Pancreatitis: IBD can be associated with inflammation of the pancreas (pancreatitis), leading to additional gastrointestinal symptoms and complications.

Anemia: Chronic inflammation and reduced nutrient absorption can contribute to anemia in cats with IBD.

Perforation: In rare and severe cases, the inflammation in the gastrointestinal tract can be so intense that it leads to perforation (tearing) of the intestinal wall. This is a life-threatening condition that requires immediate medical attention.

How long do cats live with inflammatory bowel disease?

Most cats live long lives in cases where IBD is successfully managed. 

The lifespan of a cat with inflammatory bowel disease (IBD) can vary depending on several factors, including the cat’s overall health, the severity of the disease, how well it responds to treatment and the management of the condition. 

Living with a Cat with Inflammatory Bowel Disease

Managing IBD in cats requires a multidimensional approach. Ensuring your cat’s environment is stress-free, providing regular exercise, and maintaining a consistent daily routine can help alleviate symptoms. 

It is essential to keep their litter box clean and accessible

Cats can associate pain and discomfort with a litter box, especially if there is pain during urination and defecation. 

Litter box aversion can lead to further health issues and complications such as:

Cat UTI
Cat constipation
Elimination outside of litter box

If you notice aversion, the first thing to try is to change the litter substrate

Regular monitoring of your cat’s health is crucial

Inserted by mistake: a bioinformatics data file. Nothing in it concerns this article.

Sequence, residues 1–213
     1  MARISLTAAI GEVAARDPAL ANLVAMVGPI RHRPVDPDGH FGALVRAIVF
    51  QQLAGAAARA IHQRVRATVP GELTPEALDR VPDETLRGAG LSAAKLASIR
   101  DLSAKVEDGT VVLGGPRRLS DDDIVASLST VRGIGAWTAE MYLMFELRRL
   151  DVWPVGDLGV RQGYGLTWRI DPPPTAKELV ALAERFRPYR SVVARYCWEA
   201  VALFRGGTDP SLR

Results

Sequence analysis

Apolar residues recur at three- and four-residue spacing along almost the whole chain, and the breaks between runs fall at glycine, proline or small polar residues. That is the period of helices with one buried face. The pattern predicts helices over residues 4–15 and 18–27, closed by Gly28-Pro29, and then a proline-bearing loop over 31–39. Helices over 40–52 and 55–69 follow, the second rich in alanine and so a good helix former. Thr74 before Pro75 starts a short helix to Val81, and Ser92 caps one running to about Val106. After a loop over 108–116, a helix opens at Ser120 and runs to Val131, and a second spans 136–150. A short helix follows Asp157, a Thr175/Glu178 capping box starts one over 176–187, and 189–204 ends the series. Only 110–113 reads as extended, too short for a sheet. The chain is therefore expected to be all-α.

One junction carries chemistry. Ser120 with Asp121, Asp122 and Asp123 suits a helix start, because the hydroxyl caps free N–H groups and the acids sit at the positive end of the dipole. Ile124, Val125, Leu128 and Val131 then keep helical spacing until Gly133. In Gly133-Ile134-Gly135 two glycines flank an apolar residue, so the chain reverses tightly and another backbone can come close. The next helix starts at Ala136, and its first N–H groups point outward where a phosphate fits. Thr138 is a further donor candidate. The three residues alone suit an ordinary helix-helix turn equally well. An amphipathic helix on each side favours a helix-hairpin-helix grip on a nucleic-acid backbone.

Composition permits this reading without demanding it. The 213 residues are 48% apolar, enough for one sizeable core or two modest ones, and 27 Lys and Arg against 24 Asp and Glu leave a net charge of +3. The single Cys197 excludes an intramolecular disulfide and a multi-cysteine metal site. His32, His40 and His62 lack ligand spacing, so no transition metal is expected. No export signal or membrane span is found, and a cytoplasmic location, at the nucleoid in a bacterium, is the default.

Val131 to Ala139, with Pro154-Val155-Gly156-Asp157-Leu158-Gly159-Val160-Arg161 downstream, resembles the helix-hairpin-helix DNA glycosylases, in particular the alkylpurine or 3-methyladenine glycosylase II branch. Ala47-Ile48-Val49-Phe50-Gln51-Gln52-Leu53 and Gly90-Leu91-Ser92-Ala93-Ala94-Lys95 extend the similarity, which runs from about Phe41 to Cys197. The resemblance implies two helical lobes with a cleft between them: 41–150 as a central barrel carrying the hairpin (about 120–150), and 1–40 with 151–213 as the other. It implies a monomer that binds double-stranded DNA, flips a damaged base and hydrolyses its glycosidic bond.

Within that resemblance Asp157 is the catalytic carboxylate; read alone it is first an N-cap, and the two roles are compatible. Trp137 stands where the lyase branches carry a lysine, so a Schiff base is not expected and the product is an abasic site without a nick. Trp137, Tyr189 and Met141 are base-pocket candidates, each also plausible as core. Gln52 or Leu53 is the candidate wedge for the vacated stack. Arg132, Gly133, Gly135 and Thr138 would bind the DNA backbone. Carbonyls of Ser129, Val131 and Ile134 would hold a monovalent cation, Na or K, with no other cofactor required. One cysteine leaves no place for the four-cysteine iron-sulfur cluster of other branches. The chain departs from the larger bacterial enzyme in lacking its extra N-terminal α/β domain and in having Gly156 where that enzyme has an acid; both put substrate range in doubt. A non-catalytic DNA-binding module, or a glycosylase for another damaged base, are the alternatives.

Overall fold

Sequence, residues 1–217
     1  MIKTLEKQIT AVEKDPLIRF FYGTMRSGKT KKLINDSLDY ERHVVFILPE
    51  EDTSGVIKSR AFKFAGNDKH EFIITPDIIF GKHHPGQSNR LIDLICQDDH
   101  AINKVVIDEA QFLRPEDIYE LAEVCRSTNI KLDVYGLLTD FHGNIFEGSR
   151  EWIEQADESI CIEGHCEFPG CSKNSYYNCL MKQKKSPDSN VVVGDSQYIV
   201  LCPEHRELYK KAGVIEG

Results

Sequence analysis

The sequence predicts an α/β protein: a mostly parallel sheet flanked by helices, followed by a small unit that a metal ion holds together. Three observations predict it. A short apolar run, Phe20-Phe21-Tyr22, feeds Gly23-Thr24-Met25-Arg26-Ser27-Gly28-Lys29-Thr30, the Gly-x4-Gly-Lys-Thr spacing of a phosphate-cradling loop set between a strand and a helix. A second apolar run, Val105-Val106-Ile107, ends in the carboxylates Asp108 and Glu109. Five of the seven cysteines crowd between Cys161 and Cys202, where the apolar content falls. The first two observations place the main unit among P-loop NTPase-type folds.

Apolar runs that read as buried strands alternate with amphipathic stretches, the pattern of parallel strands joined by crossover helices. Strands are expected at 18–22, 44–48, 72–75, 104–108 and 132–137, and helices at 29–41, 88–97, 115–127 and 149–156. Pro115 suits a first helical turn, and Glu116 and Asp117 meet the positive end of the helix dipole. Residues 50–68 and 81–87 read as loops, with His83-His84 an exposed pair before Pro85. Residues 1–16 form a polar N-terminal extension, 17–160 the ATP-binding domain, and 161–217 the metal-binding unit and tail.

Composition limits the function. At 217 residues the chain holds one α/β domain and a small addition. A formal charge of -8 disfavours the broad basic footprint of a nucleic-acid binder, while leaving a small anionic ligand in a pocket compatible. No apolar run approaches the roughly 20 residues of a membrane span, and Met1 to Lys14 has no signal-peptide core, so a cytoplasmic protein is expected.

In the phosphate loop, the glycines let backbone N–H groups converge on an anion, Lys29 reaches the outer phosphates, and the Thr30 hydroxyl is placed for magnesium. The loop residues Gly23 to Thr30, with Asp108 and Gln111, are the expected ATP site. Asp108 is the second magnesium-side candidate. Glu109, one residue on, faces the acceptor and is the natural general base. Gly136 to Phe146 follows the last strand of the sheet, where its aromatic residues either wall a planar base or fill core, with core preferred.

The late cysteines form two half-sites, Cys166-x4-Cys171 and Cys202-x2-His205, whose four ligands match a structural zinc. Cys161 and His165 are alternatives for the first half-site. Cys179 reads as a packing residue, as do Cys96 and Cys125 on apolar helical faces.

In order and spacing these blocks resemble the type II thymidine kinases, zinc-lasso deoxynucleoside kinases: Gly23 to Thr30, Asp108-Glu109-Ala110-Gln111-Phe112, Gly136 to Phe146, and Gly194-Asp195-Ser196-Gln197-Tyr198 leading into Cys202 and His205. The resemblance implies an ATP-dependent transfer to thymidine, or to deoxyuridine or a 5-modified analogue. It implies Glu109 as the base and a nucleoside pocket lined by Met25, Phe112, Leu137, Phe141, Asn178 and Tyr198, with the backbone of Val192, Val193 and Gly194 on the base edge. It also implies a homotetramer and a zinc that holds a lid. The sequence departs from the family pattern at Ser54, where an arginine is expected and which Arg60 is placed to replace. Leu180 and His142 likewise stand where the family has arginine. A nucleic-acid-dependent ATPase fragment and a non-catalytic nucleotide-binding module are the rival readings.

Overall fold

This includes keeping an eye on their weight, monitoring their appetite and bowel movements, and observing any changes in behavior or symptoms. It is important to work closely with your veterinarian to adjust the treatment plan as needed and address any concerns.

Talk to your vet about  hemp and CBD products 

While primarily these products contribute to stress and anxiety relief they showed to contribute to some pain relief as well.

Products such as Hemp Cat Calming Treats can be found on Amazon. 

cat chews for stress relef

However, individual cats can have different reactions to different hemp products,

If you decide to include hemp products, start slow and observe your cat’s response. 

I personally recommend these products for pets who experience pain to help them sleep and recover. 

You can learn more here.

What foods cause IBD in cats?

While specific foods do not cause IBD, certain dietary factors can contribute to the development or exacerbation of symptoms in cats with IBD. These include:

Highly Allergenic Ingredients: Some cats may develop food allergies or sensitivities to beef, dairy products, wheat, and certain protein sources. These allergies can trigger inflammation in the gastrointestinal tract and worsen IBD symptoms.